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Thomas Smith
Thomas Smith

Monolith ((TOP))

Rockfax DescriptionPractically ungradeable - it will be impossible for the claustrophobic. Start below a deep slot that runs up and left across the cliff in steps.1) 9m. Head up into the abyss and move up and left behind the monolith to re-emerge on its left below another chimney.2) 9m. The next chimney is tighter and leads to a ledge below a continuation of the same chimney.3) 13m. A fearsome chimney which stops many attempts. Face right and squeeze into the chimney. It gets wider if you go deeper and you can struggle upwards for daylight and air!3a) DeSelincourt's Variation, VS. 13m. For those who didn't manage the chimney. From the ledge, step right and climb to a mantel onto the quartz slab.4) 9m. Above the quartz slab is one final chimney. Thankfully, it is easy in comparison to the ones below. Rockfax


Ceramic wall-flow monoliths, which are derived from the flow-through cellular supports used for catalytic converters, became the most common type of diesel filter substrate. They are distinguished, among other diesel filter designs, by high surface area per unit volume and by high filtration efficiencies. Monolithic diesel filters consist of many small parallel channels, typically of square cross-section, running axially through the part. Diesel filter monoliths are obtained from the flow-through monoliths by plugging channels as shown in Figure 1. Adjacent channels are alternatively plugged at each end in order to force the diesel aerosol through the porous substrate walls which act as a mechanical filter. To reflect this flow pattern, the substrates are referred to as wall-flow monoliths.

Wall-flow monoliths are typically extrusions made from porous ceramic materials. Materials most commonly used in commercial filters include cordierite and silicon carbide (SiC). Cordierite is a synthetic ceramic developed for flow-through catalyst substrates and subsequently adapted for the filter application. Cordierite filters have been used mostly in heavy-duty engine applications. Silicon carbide has been used for a long time in a number of industries such as semiconductors, abrasives, or high temperature/molten metal contact materials. In the mid-2000s, SiC was introduced as a filter material for diesel passenger cars and remains common in light-duty applications. Another commercial filter material, aluminum titanate, is also used primarily for light-duty diesel vehicles.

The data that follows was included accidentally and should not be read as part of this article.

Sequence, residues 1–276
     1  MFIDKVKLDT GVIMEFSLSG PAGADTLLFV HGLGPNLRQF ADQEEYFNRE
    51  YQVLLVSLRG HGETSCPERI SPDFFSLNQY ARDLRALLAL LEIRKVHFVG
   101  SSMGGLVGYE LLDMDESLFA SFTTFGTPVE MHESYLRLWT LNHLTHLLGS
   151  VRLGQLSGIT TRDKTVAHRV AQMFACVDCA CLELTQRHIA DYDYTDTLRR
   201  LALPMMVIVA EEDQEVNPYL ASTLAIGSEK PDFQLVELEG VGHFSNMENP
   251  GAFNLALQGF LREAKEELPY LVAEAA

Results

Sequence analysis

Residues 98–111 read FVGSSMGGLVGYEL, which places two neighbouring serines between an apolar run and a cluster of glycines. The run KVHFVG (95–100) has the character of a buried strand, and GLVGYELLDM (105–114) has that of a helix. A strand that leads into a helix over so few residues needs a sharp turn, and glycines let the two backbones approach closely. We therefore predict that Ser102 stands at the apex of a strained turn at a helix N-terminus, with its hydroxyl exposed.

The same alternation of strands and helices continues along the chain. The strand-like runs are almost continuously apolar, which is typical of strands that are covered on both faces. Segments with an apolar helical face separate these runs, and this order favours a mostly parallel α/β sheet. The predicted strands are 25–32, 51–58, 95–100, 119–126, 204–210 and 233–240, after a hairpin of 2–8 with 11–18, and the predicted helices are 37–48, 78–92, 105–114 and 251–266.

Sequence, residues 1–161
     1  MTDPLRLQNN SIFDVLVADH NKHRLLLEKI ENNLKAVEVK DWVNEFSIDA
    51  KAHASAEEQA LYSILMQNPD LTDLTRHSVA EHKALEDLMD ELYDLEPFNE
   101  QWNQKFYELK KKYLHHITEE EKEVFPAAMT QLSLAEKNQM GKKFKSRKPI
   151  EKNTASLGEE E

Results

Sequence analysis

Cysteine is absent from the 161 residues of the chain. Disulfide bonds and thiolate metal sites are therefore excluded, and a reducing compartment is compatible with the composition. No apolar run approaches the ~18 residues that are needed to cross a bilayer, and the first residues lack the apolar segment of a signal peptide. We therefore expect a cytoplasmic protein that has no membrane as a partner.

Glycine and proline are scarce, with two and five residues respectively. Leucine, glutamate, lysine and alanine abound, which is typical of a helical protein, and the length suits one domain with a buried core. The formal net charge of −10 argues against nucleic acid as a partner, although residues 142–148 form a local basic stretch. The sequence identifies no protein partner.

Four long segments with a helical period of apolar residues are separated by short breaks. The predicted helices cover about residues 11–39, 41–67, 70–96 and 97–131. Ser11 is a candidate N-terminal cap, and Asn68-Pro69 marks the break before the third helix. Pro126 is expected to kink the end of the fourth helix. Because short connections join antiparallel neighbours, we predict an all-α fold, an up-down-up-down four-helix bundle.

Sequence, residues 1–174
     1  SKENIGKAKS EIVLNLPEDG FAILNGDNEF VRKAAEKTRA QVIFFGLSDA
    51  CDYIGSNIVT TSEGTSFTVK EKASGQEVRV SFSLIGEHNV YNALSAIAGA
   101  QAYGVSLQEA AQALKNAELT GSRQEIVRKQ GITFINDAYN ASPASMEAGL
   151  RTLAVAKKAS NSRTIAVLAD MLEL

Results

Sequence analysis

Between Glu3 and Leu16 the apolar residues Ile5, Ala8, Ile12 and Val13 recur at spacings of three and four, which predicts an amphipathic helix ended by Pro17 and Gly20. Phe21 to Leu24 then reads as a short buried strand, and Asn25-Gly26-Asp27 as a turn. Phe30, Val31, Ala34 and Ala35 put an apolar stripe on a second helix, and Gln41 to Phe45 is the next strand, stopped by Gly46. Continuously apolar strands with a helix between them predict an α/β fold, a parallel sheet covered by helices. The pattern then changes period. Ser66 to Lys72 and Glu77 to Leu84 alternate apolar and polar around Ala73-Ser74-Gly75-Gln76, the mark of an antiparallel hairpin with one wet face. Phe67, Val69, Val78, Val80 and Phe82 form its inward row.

If you look at your map you'll have waypoints to guide you to the next monolith, which is handy, but it's worth noting that each of the monoliths also fires a bright white laser across the sky of the planet. These lasers converge on one point that seems to lead to a whole lot of nothing right now, but you can trace the lasers back to the monoliths you need to find if you want to track them down in a more organic way.

When you reach the next monolith you'll have to fight to clear it of enemies - easy enough, just remember to take cover as needed and don't forget to spend your skill points from levelling up to enhance your powers. When you're done, you'll be faced with a console and another little puzzle.

Jump down and hit the main console again. The puzzle flashes up: and this time it's doable! We've got a dedicated page that explains to you just how this monolith decryption mini-game works, so if it confuses you and you want to do it legitimately head on over there and read those tips. Basically it's sudoku, though: each grid and line can't contain the same icon more than once.

Once the second monolith is activated our job is to head to the third, obviously. This one is a little bit more complicated still - it's surrounded by a force field that you can't penetrate and is surrounded by a Kett base. You'll need to storm this base and kill the Kett inside in order to deactivate the force fields and reach the monolith. Head south-east following your waypoint to reach the base.

With this done, head to the final monolith. The score is the same here as before: whip out your scanner, scan the console, then follow the cables to find the two glyphs. They're both on the roof of nearby pillars. Once scanned you can interact with the main console.

This time there's no puzzle - you'll mercifully just be given immediate access to the monolith and activate it. Once this monolith is active, major changes are afoot here on Eos. It's time to check out whatever it is the monolith activated. Prepare yourself... we're heading for our first vault.